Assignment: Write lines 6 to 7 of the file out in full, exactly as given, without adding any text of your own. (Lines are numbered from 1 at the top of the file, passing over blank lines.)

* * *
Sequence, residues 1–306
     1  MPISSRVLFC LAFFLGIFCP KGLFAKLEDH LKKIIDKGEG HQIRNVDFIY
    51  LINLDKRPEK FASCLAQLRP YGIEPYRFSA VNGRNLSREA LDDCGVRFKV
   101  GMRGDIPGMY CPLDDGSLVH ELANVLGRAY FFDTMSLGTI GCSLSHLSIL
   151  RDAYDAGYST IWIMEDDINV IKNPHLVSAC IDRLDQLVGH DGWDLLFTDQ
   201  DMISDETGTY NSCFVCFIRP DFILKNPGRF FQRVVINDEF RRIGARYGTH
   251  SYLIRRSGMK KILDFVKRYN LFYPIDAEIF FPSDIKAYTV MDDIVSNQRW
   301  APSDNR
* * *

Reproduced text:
   201  DMISDETGTY NSCFVCFIRP DFILKNPGRF FQRVVINDEF RRIGARYGTH
   251  SYLIRRSGMK KILDFVKRYN LFYPIDAEIF FPSDIKAYTV MDDIVSNQRW